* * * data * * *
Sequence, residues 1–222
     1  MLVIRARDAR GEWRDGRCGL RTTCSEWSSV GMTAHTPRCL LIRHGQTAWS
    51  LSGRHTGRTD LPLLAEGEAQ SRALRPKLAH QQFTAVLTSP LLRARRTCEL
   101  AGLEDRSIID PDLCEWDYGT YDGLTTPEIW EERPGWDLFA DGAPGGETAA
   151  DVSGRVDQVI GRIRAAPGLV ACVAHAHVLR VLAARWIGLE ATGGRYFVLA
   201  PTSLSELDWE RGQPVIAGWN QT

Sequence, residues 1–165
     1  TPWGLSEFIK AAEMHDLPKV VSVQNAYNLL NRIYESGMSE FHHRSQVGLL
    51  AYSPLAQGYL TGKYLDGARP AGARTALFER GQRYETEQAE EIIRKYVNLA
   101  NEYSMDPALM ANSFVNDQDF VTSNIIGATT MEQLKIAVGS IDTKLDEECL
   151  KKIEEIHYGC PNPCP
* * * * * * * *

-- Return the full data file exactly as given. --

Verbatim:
Sequence, residues 1–222
     1  MLVIRARDAR GEWRDGRCGL RTTCSEWSSV GMTAHTPRCL LIRHGQTAWS
    51  LSGRHTGRTD LPLLAEGEAQ SRALRPKLAH QQFTAVLTSP LLRARRTCEL
   101  AGLEDRSIID PDLCEWDYGT YDGLTTPEIW EERPGWDLFA DGAPGGETAA
   151  DVSGRVDQVI GRIRAAPGLV ACVAHAHVLR VLAARWIGLE ATGGRYFVLA
   201  PTSLSELDWE RGQPVIAGWN QT

Sequence, residues 1–165
     1  TPWGLSEFIK AAEMHDLPKV VSVQNAYNLL NRIYESGMSE FHHRSQVGLL
    51  AYSPLAQGYL TGKYLDGARP AGARTALFER GQRYETEQAE EIIRKYVNLA
   101  NEYSMDPALM ANSFVNDQDF VTSNIIGATT MEQLKIAVGS IDTKLDEECL
   151  KKIEEIHYGC PNPCP